Cheat-Seeking Missles

Saturday, March 03, 2007

Iran Nuclear Scenarios Call For Tough Talks

Caroline Glick, the brilliant and aggressive columnist for the Jerusalem Post, lays out three scenarios for what would happen if Iran becomes a nuclear power. Here is the most optimistic of the three:
In the most optimistic scenario, Iran would not attack Israel or any other country with its atomic arsenal, but would rather use it as an instrument of international and regional influence. In this scenario, Iran would reap economic advantage from its nuclear status by threatening oil shipping in the Persian Gulf and so jack up worldwide oil and gas prices. A massive economic dislocation in the oil consuming countries would no doubt ensue. In this state of affairs, all international economic sanctions against Iran would disappear and states would begin fighting with one another for the right to develop Iran's oil and gas fields and refining capabilities.

Operating under Iran's nuclear umbrella, terror groups like Hizbullah and Al-Qaida would feel free to attack at will throughout the world. The rates of terrorism - of both the organized and lone wolf variety - would increase exponentially.

Regionally, Iran would work to export its Khomeinist Shi'ite revolution. It would increase its interference in both Iraq and Afghanistan and so neutralize and defeat coalition and NATO efforts to stabilize those countries.

As to Saudi Arabia, there can be little doubt that Iran would seek to foment an uprising of Saudi Shi'ites who happen to live as a repressed minority on top of the Saudi oil fields.

Hizbullah's aim to overthrow the Saniora government in Lebanon would receive unprecedented Iranian assistance that would likely lead to the Shi'ite takeover of the country. So too, under the Iranian nuclear umbrella, Palestinian terrorism against Israel, and Syrian adventurism against Israel would rise steeply. The regimes in Egypt and Jordan as well as Saudi Arabia would be sunk into chaos, insurgency and war as they themselves entered a nuclear arms race the likes of which the world has never seen.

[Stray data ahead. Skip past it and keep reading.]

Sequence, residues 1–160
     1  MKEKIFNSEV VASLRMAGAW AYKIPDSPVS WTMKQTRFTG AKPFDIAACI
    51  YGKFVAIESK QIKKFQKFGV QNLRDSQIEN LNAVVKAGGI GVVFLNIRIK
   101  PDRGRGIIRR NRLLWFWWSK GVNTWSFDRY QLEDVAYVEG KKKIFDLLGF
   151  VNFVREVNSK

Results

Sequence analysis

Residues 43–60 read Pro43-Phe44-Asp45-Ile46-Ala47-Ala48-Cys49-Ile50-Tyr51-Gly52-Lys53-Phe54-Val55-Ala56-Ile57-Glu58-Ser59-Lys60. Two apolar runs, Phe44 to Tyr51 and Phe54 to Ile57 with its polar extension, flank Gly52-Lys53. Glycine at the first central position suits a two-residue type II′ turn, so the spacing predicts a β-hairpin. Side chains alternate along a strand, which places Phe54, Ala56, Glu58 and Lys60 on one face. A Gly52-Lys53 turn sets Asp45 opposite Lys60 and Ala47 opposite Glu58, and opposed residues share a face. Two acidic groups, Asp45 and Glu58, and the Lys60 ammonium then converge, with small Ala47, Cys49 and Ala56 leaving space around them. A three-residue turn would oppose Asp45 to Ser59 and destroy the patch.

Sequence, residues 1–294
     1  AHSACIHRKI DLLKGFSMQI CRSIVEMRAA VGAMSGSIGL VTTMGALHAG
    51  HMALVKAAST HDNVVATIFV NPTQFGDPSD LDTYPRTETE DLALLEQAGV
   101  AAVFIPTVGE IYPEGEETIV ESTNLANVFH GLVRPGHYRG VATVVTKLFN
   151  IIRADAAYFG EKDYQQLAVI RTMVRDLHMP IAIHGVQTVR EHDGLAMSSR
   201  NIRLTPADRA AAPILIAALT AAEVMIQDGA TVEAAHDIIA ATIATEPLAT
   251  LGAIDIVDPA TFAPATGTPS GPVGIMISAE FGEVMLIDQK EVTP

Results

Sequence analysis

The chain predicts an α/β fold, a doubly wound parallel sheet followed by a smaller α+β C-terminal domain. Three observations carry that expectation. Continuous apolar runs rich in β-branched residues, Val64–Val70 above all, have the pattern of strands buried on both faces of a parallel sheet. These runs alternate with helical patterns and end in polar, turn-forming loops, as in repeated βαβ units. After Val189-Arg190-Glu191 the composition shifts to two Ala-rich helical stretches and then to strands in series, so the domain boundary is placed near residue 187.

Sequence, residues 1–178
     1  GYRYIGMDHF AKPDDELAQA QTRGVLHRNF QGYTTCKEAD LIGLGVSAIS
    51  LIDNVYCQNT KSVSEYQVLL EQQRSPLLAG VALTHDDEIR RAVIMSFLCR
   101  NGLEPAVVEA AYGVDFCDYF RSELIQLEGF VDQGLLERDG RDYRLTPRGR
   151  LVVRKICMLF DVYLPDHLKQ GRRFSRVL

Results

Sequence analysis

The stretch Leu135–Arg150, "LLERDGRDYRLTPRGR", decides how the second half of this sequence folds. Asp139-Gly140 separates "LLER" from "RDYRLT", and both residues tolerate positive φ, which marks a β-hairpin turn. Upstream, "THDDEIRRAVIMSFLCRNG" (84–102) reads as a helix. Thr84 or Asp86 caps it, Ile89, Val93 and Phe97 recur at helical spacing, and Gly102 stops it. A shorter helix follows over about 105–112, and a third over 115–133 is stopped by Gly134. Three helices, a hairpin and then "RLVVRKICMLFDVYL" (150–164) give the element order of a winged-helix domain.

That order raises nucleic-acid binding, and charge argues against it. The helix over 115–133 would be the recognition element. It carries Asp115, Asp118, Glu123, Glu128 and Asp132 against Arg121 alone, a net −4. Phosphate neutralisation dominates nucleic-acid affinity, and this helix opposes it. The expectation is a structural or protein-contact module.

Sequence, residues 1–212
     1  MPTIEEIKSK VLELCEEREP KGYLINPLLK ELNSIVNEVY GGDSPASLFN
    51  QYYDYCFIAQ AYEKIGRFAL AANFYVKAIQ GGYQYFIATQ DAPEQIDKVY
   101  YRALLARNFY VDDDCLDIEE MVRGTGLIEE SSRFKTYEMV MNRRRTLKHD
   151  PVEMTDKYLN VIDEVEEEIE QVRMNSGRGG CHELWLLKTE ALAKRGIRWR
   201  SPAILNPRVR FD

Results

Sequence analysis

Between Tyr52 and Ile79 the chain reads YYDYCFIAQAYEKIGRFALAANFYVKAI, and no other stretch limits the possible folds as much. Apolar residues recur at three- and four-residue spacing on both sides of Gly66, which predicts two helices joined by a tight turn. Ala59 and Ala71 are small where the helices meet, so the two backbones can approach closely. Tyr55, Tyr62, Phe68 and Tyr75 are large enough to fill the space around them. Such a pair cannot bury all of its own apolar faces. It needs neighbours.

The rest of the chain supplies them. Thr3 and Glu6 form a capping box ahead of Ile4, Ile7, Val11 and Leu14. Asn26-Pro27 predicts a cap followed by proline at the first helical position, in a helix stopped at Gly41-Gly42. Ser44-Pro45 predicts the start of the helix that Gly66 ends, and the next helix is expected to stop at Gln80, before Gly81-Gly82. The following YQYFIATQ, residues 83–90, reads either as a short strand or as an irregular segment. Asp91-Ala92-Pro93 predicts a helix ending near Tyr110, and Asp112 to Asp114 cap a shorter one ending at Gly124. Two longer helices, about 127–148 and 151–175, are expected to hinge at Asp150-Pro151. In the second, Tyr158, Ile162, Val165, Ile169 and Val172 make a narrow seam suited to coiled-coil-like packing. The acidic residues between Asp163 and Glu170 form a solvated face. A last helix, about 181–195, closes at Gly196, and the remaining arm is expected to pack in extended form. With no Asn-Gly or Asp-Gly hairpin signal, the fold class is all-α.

And it goes downhill from there, ending basically with the global spread of radical Shi'ite jihad and sharia, and the destruction of America.

From this, Glick concludes that the Bush Administration was wrong to "reconsider its decision to abandon the Bush Doctrine, [which] eschewed appeasement of terror-supporting, weapons of mass destruction-proliferating enemies of the free world." She worries that the initiation of low-level, informal talks with Tehran will necessarily lead to appeasement, and that there is no room for a appeasement with Tehran.

I agree about appeasement, but not about talks being a mistake. There is also this diplomatic scenario: We communicate with Iran that the only gift we will give them if they stop their nuclear program is their continued existence. It's "speak tough and carry a big stick" diplomacy, and we need to start it now.

In North Korea, the Bush Doctrine is intact (for now, at least) because the grounds of the agreement give L'il Kim Jong Il nothing until he concedes. Concede/get, concede/get. L'il Kim is isolated, remote and broke, so this can work, with proper toughness and oversight.

Iran is a different story. It's central on the world stage, it's resource-rich and it's actively involved in actions against the U.S. I think this has made the Bush administration understand that the Doctrine doesn't say "don't talk," it says "don't negotiate," and that now is the time to talk, and talk tough, to Tehran.

Read Glick's three options and see if you don't agree. If we are going down a road that could lead to a massive strike on Iran, we need to be talking to them now to let them see the clarity of our resolve and the options available to them other than being on the losing end of a conflict with America.

Hat-tip: Real Clear Politics. Art: BerryBurger

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